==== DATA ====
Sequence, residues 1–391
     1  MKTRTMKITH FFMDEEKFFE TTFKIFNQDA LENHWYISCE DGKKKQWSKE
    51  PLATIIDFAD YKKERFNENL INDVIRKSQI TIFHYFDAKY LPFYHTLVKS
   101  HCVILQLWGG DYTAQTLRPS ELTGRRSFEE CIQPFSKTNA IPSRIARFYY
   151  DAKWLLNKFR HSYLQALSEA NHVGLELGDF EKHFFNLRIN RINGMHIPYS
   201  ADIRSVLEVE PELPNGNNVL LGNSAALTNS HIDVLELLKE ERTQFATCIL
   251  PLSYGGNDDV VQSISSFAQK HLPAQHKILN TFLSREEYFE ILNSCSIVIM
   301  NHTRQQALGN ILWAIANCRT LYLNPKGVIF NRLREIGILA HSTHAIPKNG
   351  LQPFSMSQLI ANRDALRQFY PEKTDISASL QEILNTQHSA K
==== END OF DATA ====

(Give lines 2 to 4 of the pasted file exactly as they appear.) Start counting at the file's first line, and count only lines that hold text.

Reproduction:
     1  MKTRTMKITH FFMDEEKFFE TTFKIFNQDA LENHWYISCE DGKKKQWSKE
    51  PLATIIDFAD YKKERFNENL INDVIRKSQI TIFHYFDAKY LPFYHTLVKS
   101  HCVILQLWGG DYTAQTLRPS ELTGRRSFEE CIQPFSKTNA IPSRIARFYY